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Opinion: Someone in need calls our names

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The Kings of Leon won a Grammy Award for singing, “You know that I can use somebody.”

What if we did a 180-degree turn on that popular tune and gave ourselves to be used by somebody?

A Web site developed in Springfield sets out to do just that. It’s called www.servesomeone.org, and it’s the brainchild of Shawn Askinosie (when does his brain turn off?), Springfield’s version of Willy Wonka.

Knee-deep in chocolaty goodness at Askinosie Chocolate on Commercial Street, the high-profile attorney hatched an idea. Well, he’s hatched several ideas, novel ones, really, the latest being “Hey, Hey Hazelnut” chocolate produced at the small-batch factory.

The Web site is far removed from Askinosie and his chocolate factory.
Nowhere on the site will you find his name or any name, for that matter.

I’ll disclose here that the developers of the site, Springfield marketing firm Grand & Weller LLC, served the cause and built the site pro bono. Sure, it took a year to complete, but Askinosie’s OK with that. It’s live now.

So, how’s it work?

It simply asks each of us to choose one person to serve until the person doesn’t need it anymore. We’re all in tough times. But what we consider tough might sparkle like gold to someone else.

How can you serve? That’s up to you.

The site gets the thought going and moves us toward one another. Then it sends regular reminders of the service act you’ve indicated as your mode of operation.

First, think with me about someone you know in need. It could be anybody – a co-worker, neighbor, relative, someone you regularly see on a street corner or a former colleague, maybe due to a layoff. I’ve got mine. That didn’t take long.

Now, consider their needs. Where do you want to jump in? It could be service through meals, coffee, cleaning, lawn care, transportation, notes of encouragement, prayer or phone calls.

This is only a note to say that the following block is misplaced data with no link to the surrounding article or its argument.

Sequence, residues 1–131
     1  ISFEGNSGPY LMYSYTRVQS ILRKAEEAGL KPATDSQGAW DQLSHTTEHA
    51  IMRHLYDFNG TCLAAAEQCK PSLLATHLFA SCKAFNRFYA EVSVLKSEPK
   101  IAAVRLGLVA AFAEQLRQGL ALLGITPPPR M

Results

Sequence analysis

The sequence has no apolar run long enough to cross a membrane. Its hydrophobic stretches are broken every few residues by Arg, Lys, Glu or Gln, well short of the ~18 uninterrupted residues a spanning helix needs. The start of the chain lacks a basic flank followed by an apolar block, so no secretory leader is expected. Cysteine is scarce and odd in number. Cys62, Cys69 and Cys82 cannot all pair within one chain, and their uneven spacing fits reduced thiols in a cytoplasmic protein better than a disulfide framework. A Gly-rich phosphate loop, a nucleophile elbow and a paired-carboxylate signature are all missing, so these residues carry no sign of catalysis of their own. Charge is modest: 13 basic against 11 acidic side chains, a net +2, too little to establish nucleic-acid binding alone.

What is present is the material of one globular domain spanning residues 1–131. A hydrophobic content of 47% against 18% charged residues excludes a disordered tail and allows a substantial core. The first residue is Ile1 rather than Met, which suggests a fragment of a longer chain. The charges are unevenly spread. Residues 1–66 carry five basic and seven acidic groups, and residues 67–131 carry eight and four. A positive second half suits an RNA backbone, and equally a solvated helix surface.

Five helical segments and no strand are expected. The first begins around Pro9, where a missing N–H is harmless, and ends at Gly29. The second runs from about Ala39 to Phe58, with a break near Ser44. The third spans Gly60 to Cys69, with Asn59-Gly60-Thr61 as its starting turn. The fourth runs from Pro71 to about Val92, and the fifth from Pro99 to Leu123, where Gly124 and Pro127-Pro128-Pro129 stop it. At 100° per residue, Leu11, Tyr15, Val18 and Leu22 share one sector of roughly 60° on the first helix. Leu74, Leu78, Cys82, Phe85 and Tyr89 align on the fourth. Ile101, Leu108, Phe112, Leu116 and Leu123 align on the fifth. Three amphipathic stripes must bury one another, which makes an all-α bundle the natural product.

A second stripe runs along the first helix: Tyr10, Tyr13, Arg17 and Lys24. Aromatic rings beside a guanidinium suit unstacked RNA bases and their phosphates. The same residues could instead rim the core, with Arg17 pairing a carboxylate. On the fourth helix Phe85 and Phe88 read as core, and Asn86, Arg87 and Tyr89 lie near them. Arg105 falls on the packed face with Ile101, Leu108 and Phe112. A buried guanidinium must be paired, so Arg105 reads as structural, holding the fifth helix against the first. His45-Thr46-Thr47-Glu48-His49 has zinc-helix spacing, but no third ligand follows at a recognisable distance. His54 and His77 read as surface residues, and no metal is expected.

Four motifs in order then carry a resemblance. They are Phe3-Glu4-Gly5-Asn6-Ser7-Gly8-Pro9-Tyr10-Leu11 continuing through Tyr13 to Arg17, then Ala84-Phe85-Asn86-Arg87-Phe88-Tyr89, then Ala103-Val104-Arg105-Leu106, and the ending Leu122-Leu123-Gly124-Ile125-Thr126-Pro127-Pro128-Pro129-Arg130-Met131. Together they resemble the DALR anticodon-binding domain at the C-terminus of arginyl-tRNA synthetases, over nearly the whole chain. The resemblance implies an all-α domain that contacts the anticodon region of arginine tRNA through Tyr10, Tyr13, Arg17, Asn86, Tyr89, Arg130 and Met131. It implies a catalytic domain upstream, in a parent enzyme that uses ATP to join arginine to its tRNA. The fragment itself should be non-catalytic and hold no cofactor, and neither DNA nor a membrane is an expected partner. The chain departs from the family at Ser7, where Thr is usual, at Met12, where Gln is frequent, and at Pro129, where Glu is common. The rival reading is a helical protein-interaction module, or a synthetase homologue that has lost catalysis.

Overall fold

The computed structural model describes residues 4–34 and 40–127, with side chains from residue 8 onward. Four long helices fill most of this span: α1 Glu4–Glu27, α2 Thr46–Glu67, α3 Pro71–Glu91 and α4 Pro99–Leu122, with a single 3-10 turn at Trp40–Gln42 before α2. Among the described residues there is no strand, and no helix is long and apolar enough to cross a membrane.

Next, enter their first name and that’s all. No other identifying information is requested.

Finally, choose your reminder options – both when and how – because life is busy. Set the frequency of your service, and you’ll get daily, weekly, monthly or bimonthly reminders via e-mail or text messages. The site says it will never send you unsolicited messages or sell your contact information, and each reminder contains an opt-out.

The site also notes, “This is not a contract. Lightning will not strike if you don’t follow through.”

It’s off to a modest start with 30 currently signed up to serve someone. The site tracks the number of people being served – like McDonald’s and its burgers. Not that it’s about the numbers, surely not corporate profits, but it kind of is about volume. The more people served until no longer in need, the greater the impact and the sooner our streets are restored.

I’ve learned that “Use Somebody” is a double entendre by Kings of Leon. Either the author desires to selfishly take advantage of another or longs for a relational closeness with a human spirit.

If we opt for the latter, I guess my suggested 180 is not necessary. But if we’re honest, most of us live on a “you for me” basis. Servesomeone.org turns our thinking to “me for you.”

A few tracks later on Kings of Leon’s Only by the Night CD, there’s a gem called, “Be Somebody.” It says, “Given a chance, I’m going to be somebody. If for one dance, I’m going to be somebody.”

Here’s a chance.

Our community sure doesn’t lack in options to give of your time, talents and treasures.
Find somebody.

Springfield Business Journal Editor Eric Olson can be reached at eolson@sbj.net.[[In-content Ad]]

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